Barclays did not disclose the details of the letter, but Staley reportedly took offense to the whistleblower’s allegations leveled against Main, which “related to personal issues from many years ago,” Staley wrote in an email to employees. “The intent of the correspondents in airing all of this,” he told workers, “was, in my view, to maliciously smear this person.”

In response to these claims, Staley twice asked Barclays’ internal security team to find the letter’s author. The inquiry didn’t reveal the whistleblower’s identity, and the bank ultimately disregarded his or her assertions.

While both Main and Staley have declined to comment on the situation, Staley did release a statement saying he has apologized to the Barclays board and “will accept whatever sanction it deems appropriate,” which will include a “very significant compensation adjustment,” according to the bank.

An independent law firm was commissioned to investigate Staley’s attempts to unmask Main’s anonymous former colleague, and determined that Staley “erred in seeking out the … whistleblower, but that his belief that he had clearance to do so was an honest mistake,” according to the Times.

That could very well be. But the Barclays brouhaha serves as just the latest example of the hostile treatment that whistleblowers continue to face.

Jeffrey Pfeffer, a professor of organizational behavior at Stanford University’s Graduate School of Business, told the Times as much.

“Whistleblowers are typically treated horribly, even in the government, let alone in the private sector,” said Pfeffer. “People don’t like to have problems pointed out.”

Wells Fargo Shows Its Claws

Months after the revelations that Wells Fargo had engaged in highly questionable (some say illegal) practices, including creating fraudulent accounts, its board of directors has taken action to recoup some of the compensation from the bank’s leaders during the time the nefarious schemes were ongoing.

According to the New York Times, an additional $75 million in compensation will be “clawed back” from the two executives the company’s says bear the majority of the blame for the scandal over fraudulent accounts: the bank’s former chief executive, John G. Stumpf, and its former head of community banking, Carrie L. Tolstedt:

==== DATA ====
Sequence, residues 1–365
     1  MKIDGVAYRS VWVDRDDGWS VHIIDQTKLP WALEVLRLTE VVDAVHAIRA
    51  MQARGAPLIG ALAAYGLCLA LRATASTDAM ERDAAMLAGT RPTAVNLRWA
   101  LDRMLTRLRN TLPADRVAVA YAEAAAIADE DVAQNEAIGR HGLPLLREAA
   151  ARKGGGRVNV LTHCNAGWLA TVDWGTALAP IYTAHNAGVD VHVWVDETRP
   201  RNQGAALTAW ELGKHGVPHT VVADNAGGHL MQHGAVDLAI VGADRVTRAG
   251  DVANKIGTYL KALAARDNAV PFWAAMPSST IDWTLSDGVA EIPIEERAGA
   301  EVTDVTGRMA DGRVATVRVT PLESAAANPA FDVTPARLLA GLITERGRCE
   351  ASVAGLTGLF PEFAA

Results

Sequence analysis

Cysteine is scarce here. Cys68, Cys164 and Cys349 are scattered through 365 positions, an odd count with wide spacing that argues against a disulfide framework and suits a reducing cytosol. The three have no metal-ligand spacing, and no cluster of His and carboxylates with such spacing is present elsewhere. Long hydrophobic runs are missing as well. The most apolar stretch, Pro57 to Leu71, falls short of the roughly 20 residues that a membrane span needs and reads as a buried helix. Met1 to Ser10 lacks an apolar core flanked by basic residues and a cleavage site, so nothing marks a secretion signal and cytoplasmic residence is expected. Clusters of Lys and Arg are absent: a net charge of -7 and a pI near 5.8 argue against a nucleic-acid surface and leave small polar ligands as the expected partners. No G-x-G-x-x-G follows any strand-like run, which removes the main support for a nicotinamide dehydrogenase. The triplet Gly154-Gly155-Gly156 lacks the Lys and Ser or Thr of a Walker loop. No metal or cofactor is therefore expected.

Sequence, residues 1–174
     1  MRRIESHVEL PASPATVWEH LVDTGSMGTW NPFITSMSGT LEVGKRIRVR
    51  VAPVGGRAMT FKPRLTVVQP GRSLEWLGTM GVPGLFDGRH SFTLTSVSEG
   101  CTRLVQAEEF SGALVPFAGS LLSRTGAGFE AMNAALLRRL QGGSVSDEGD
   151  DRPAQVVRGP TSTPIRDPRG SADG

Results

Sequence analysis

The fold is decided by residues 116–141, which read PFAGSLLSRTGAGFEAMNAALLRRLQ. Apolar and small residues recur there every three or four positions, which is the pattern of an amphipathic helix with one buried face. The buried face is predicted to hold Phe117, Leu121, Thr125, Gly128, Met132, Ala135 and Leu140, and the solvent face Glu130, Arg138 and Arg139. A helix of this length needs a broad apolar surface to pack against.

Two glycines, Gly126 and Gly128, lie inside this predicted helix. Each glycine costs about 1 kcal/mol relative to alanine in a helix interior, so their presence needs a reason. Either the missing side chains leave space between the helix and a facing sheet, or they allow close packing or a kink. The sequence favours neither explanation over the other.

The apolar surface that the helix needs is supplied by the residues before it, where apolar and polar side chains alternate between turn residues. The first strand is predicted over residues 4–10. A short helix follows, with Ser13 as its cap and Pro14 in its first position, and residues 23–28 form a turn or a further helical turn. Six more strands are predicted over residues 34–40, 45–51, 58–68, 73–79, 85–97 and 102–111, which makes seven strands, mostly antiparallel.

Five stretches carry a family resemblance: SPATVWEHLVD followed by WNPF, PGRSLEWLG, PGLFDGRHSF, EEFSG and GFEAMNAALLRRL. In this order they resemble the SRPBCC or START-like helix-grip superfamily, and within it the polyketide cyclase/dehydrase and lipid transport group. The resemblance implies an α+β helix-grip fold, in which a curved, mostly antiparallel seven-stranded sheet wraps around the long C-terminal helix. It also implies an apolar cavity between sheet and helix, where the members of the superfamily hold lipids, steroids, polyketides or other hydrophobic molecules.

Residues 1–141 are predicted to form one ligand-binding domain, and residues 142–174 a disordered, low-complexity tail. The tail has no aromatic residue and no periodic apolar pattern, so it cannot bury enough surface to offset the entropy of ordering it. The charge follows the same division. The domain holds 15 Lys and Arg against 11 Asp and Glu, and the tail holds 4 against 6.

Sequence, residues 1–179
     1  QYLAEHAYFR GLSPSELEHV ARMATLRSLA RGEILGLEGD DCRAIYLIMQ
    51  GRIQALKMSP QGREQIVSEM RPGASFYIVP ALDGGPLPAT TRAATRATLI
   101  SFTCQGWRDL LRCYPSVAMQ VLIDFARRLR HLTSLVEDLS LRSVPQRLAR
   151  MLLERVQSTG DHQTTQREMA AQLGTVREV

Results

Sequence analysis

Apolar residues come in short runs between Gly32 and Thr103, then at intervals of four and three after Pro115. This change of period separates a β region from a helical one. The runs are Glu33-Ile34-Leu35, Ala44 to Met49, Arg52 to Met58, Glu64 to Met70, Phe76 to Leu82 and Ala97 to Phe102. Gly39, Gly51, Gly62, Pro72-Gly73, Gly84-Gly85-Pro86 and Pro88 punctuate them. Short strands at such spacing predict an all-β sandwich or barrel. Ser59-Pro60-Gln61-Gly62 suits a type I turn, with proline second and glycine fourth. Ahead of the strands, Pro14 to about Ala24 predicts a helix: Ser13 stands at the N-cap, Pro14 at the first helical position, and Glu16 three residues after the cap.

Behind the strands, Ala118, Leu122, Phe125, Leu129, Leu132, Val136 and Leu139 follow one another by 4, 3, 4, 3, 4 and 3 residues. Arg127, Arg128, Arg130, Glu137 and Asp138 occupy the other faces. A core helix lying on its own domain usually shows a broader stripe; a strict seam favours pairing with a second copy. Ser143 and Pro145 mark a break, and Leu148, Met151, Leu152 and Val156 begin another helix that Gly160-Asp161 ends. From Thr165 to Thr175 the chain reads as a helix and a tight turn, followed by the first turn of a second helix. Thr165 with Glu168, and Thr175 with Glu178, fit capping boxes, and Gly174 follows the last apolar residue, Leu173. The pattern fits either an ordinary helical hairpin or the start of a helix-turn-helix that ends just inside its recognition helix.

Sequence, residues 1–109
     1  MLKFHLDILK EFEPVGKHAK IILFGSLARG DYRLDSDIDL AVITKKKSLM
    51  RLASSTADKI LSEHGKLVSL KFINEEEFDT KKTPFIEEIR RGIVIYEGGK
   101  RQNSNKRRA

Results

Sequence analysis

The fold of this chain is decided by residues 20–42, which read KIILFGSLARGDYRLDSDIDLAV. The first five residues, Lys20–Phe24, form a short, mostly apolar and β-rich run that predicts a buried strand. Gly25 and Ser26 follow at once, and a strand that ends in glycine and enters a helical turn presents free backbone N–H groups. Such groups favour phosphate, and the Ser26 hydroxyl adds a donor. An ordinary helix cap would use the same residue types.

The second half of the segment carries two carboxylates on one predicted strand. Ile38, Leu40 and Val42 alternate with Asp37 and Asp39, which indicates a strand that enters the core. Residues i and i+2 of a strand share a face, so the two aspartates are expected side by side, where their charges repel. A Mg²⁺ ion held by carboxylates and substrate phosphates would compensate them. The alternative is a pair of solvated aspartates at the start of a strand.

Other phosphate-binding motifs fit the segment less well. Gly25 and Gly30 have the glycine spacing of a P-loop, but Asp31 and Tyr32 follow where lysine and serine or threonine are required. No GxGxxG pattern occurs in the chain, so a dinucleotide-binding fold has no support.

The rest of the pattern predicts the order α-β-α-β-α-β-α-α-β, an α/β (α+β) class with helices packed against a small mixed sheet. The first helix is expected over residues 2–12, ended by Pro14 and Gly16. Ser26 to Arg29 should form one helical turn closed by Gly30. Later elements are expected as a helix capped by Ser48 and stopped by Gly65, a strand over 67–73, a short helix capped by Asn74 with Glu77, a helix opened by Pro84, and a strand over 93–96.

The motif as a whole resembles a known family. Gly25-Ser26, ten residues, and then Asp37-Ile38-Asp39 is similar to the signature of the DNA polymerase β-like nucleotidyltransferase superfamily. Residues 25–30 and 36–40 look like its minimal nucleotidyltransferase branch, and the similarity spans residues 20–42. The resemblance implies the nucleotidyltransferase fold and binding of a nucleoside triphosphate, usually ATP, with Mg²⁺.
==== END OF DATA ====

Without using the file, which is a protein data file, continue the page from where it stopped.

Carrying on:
The clawbacks — or forced return of pay and stock grants — are the largest in banking history and among the largest in corporate America. A four-person committee of Wells Fargo’s directors investigated the extensive fraud.

The Times says that while the amount of money customers lost was relatively small — the company has refunded $3.2 million — the scope of the fraud was huge: 5,300 bankers were fired for creating as many as two million unwanted bank and credit card accounts:

In one detail revealed by the board’s report, a branch manager had a teenage daughter with 24 accounts and a husband with 21.

According to Time magazine, Wells has instituted several corporate and business changes since the problems became known nationwide. Wells has changed its sales practices, and called tens of millions of customers to check on whether they truly opened the accounts in question.

Wells Fargo board Chairman Stephen Sanger also acknowledged in a Monday conference call with reporters that board members “could have pushed more forcefully to change leadership at the community bank,” according to USA Today.

While conceding he could not “promise perfection” in the efforts to regain trust from customers and regulators, Sloan said, “I’m very confident we’re on the right track.”

 

Report: HR is ‘Behind the Curve’

New research from the Hackett Group finds that many HR departments are lagging when it comes to helping their organizations deal with talent shortages in key areas, and — due to a lack of resources — sufficient progress likely won’t be made anytime soon.